Peter Brookes: Holiday fishing the ‘Little J’ up Pennsylvania way
I’d heard a lot about Pennsylvania fishing – mostly that it could be pretty challenging. Descriptions of its streams and rivers included worrisome words like “technical” and “pressured.”
Not exactly encouraging.
So you can understand my concern when guide Dan Baughman, of Little J Guides (littlejguides.com), told me he was happy to meet on Memorial Day weekend to hit the Little Juniata River in central Pennsylvania.
In our email exchanges, I kept repeating “Saturday of Memorial Day weekend,“ assuming that he hadn’t realized it. It was a perfect time for other – clearly less-worthy – anglers to be on the river, aka the “Little J.“
The guide assured me he knew it was.
Baughman again blew my mind when I asked what time we’d meet up, dreading the almost–inevitable “Zero-Dark Thirty” alarm for me to make the three-hour drive up to Spruce Creek. He said: “Eleven o’clock.”
“You mean we’re going to hit the water at 11 a.m. on the Saturday of Memorial Day weekend?,” I wrote, once again wondering what I’d gotten myself into with these guys. “Combat fishing, here I come,” I thought.
I started to think that Little J Guides were responding to my emails after hitting the bar scene at nearby Penn State since their responses often arrived in my inbox late at night.
I figured: “What the heck…it’ll make for a good story if it turns out to be a disaster.”
I met Baughman and his partner Andrew Allender at Spruce Creek Outfitters fly shop, perched on the banks of the Little J. I gave them a once over to see if they had bloodshot eyes or smelled like a brewery.
Nothing. Completely sober. Professional. Knowledgeable. Friendly.
Baughman told me that the plan was to begin with some European-style, tight-line nymphing to be followed by dry fly fishing when the bug hatch kicked off in the early evening.
I’d done plenty of “hopper-dropper” and indicator nymphing before but, let’s just say, I was deeply suspicious of anything “European.“ It turns out that this technique is used widely in central PA for wild brown trout.
Allender told me that most of the browns we’d get into on the spring-fed, limestone-influenced Little J would be in the 12-inch to 16-inch range. There are browns over 20 inches, he told me.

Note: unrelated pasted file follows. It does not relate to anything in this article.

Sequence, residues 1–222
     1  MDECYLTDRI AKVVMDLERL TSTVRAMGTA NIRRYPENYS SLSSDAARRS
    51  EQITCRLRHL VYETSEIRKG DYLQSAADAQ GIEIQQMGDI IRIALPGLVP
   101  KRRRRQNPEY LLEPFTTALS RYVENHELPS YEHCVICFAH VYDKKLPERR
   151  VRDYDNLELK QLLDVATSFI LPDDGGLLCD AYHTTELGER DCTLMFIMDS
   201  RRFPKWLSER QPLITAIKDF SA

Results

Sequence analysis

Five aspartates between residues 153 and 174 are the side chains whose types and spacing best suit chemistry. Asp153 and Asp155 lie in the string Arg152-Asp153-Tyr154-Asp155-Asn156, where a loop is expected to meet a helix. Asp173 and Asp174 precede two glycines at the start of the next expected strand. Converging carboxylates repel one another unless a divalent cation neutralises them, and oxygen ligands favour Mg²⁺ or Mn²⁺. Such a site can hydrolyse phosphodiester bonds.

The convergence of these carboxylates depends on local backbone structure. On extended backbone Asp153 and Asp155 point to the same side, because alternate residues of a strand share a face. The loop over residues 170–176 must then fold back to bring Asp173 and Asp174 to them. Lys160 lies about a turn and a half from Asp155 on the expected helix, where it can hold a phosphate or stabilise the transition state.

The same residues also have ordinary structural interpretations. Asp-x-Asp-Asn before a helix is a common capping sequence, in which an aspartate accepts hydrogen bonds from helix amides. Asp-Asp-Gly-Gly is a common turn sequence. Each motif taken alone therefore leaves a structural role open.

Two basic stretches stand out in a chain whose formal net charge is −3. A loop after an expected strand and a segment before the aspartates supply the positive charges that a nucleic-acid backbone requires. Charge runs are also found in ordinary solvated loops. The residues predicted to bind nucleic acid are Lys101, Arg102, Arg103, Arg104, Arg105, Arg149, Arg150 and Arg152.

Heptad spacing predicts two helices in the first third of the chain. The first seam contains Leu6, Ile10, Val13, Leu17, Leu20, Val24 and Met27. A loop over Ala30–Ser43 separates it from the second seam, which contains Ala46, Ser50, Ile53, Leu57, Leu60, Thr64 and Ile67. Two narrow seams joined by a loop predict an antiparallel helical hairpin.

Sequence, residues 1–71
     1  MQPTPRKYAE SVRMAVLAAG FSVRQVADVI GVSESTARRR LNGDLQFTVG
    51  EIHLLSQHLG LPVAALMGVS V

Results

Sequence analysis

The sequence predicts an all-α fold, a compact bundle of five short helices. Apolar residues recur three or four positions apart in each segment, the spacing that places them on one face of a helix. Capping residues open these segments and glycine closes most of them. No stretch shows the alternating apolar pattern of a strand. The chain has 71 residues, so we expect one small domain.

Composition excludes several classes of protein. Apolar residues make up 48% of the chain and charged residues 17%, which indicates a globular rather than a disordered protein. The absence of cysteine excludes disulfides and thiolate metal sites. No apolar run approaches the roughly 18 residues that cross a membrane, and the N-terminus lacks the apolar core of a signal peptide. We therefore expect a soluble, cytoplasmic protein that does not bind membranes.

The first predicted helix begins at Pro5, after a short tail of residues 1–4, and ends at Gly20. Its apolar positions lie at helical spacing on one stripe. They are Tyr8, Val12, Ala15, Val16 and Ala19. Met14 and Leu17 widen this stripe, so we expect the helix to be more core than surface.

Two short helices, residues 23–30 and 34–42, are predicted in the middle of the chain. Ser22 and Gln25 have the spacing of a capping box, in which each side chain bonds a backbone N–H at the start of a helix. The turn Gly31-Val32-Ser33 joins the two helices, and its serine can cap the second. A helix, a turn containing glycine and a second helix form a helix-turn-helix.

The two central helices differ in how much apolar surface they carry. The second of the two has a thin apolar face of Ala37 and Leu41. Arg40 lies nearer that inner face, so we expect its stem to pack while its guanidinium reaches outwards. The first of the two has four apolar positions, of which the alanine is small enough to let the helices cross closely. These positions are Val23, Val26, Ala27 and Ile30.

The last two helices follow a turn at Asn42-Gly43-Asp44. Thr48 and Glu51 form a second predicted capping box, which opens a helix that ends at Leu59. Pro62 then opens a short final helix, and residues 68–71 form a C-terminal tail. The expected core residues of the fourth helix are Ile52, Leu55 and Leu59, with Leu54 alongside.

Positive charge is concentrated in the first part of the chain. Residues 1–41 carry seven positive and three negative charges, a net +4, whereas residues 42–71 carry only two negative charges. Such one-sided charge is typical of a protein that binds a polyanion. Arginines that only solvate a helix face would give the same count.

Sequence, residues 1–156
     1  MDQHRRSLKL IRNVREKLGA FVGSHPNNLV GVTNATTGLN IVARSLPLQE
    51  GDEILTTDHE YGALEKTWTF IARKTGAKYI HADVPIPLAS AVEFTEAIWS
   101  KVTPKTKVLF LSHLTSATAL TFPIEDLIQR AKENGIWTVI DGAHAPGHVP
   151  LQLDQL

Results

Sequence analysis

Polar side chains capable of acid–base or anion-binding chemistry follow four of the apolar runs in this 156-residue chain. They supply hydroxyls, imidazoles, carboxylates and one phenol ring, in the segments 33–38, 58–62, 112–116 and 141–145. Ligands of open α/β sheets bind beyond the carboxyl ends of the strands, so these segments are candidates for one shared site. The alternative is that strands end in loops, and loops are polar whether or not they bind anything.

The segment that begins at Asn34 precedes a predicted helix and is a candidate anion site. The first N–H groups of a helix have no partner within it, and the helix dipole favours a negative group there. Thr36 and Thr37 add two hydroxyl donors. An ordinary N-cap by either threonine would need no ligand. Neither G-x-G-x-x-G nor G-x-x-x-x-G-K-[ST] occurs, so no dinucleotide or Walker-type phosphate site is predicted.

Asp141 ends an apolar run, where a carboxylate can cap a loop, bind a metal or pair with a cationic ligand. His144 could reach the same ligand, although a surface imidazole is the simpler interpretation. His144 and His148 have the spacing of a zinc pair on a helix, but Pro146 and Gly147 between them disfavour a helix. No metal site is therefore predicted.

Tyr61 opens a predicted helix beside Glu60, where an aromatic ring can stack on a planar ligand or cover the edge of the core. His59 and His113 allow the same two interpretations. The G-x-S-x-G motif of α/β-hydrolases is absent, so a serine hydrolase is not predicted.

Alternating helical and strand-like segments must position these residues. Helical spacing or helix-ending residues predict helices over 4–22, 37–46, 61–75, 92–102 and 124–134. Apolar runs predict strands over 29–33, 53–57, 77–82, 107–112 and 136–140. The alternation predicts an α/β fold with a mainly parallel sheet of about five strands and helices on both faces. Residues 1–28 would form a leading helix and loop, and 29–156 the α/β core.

Much to my shock, the first stretch of water we hit on the Little J was deserted, leaving me to work on European nymphing, using a weighted, two-fly rig below a highly visible, colorful piece of tippet known as a “sighter.”
Using the sighter as a strike indicator and “high-sticking” the rod through the water allows you to stay tight to the flies, improving the chances of feeling a trout’s soft take — which anglers often miss while fishing subsurface.
It takes a little getting used to, but in seemingly no time, I hooked up with a 12-inch “brownie,“ using a 10-foot 3-weight rod, a very common setup for tight-line nymphing. That continued throughout the afternoon with lots of hook-ups.
As the sun started to sink in the sky, it was time to rig up for some dry fly fishing in the expectation of one of Pennsylvania’s prodigious mayfly hatches, including Sulphurs, Gray Foxes and Cahills.
A friend recommended I try a Moonshine 4-weight fly rod (moonshinerods.com) for the dry fly fishing. It turned out to be great advice as the rod’s gentle presentation snagged me a couple of buttery browns just as the hatch was kicking off.
As the ambient light disappeared around 9 p.m., the water began to boil as fish pounded mayflies emerging to the surface. For a few minutes, I frenetically cast into the expanding rings hoping for the feel – not sight, due to the darkness – of a brown engulfing my fly.
Nothing this time: As quickly as the feeding frenzy started, it inexplicably ended.
No matter, it’d been a great day. Contrary to the reputation, I didn’t see another fisher all day and while some of the techniques used were new to me, in the hands of great guides, I quickly owned them.
Considering how terrific the fishing is, next time someone asks me about central PA, I’ll continue propagating the clearly self-serving myth by saying – hopefully, without a smile: “Don’t bother: It’s way too busy and much too hard ... just stay home.“
Dr. Peter Brookes is a Washington, D.C., foreign policy wonk who escapes to the great outdoors and his Fort Valley cabin as often as he can.